Battery Cages Are Hell On Earth For Chickens

New regulations force egg producers to change their ways

Battery Egg Farm
These hens are forced to live in confinement. Farm Sanctuary

 In an article published in the Huffington Post, writer and longtime animal rights activist Bruce Friedrich points out that of all the factory farmed animals, chickens may have it the worst because they suffer in battery cages. He describes battery cages as being so small that the chickens, three or four to a cage, cannot even spread their wings. This confinement causes a wasting of the hens’ muscles and bones.

After about two years of confinement, the hens bones re easily broken as they are “ripped from their cages.” United Poultry Concerns  describes the life of a hen in a battery cage, which is about 67 square inches "The modern hen laying eggs for human consumption is anxious, frustrated, fear-ridden bird forced to spend 10 to 12 months squeezed inside a small wire cage with three to eight or nine other tormented hens amid tiers of identical cages in gloomy sheds holding 50,000 to 125,000 debeaked, terrified, bewildered birds. By nature an energetic forager, she should be ranging by day, perching at night, and enjoying cleansing dust baths with her flock mates--a need so strong that she pathetically executes "vacuum" dust bathing on the wire floor of her cage." The torture of these sentient creatures is outlined a report entitled An HSUS Report: A Comparison of the Welfare of Hens in Battery Cages and Allternative Systems.

In 2015, The Humane Society of the United States announced that some restaurants, including McDonalds, Nestle, and Burger King have agreed to stop buying eggs and chickens from farms where chickens are kept in a battery cage.  The HSUS referred to this agreement as a “watershed moment” and are claiming victory in the battle for more humane manners of keeping factory-farmed animals.

Some animal advocates support cage-free eggs, but many activists advocate a plant-based diet because even cage-free eggs are cruel and exploitative, no matter how well the chickens are treated. Exploited animals kept and killed for human consumption can never be tolerated no matter how well the animals are treated.

The HSUS counters this argument by pointing out that fast food restaurants purchase over two billion eggs every year. These eggs are harvested from chickens living in battery cages. With this change, millions of chickens will be freed from the horror of battery cages. As they put it: “These eight million animals will be able to walk inside a barn, spread their wings, perch, lay their eggs in nests, and engage in other important natural behaviors denied to caged hens.”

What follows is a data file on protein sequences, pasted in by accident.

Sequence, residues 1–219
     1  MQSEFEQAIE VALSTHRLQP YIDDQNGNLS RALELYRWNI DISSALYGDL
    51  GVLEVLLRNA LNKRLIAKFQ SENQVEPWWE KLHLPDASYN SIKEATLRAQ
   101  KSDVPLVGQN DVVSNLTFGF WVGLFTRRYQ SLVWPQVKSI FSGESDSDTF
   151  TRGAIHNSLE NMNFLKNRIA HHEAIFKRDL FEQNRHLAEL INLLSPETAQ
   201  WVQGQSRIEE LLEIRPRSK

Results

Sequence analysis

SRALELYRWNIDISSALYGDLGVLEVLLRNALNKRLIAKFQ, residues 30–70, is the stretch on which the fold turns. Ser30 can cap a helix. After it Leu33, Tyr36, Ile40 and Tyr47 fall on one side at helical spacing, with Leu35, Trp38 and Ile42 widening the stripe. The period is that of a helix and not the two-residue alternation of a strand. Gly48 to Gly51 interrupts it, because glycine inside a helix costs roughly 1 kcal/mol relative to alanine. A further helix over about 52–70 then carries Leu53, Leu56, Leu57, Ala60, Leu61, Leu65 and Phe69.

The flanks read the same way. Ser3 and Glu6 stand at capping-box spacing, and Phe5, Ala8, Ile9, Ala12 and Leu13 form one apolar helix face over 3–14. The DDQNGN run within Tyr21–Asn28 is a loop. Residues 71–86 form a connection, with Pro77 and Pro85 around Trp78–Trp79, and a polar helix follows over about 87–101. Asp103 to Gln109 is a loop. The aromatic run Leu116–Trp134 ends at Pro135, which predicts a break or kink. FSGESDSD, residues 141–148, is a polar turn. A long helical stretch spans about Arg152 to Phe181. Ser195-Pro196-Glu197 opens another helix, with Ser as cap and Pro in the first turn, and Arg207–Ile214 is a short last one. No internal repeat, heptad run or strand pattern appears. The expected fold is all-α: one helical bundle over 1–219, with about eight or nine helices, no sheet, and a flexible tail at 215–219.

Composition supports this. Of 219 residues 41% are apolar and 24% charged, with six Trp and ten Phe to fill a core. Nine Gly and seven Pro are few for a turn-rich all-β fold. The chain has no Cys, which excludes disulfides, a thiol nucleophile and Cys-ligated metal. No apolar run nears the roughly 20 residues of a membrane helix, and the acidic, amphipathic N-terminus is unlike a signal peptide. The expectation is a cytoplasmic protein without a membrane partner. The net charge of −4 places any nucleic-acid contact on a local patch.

But this victory is not celebrated by all. Many activists feel that by accepting these changes as a good thing, they are tacitly condoning the very idea of animals being kept for human consumption. Activists and activist organizations such as Compassion over Killing are more concerned with stopping the slaughter and consumption of animals and animal products, not making life better for the animals. Their undercover investigations and promotion of restaurants such as Subway and Dunkin’ Donuts for their vegan offerings is their modus operandi.

Education is a priority for COK and to that end they encourage pledges to go vegetarianvegetarian festivalseducational videos and Meatless Mondays  as being more effective campaigns in saving animals on factory farms by converting carnivores to vegans.

United Poultry Concerns founder and director Karen Davis is concerned that the words "free range" and "cage free" suggest that the animals are living in wide, open spaces as opposed to battery cages. But these words are deceiving because the animals are, in fact, still in crowded and inhumane conditions and their slaughter is particularly barbaric. She is dedicated to getting chickens and hens off America's menus altogether. They have decreed May 4th as International Respect for Chickens Day and are asking supporters to "Please do an action for chickens in May!" Some of the actions Davis suggest include leafletting on a corner, calling in a radio show, ordering posters, brochures and other educational kits and merchandise from their website.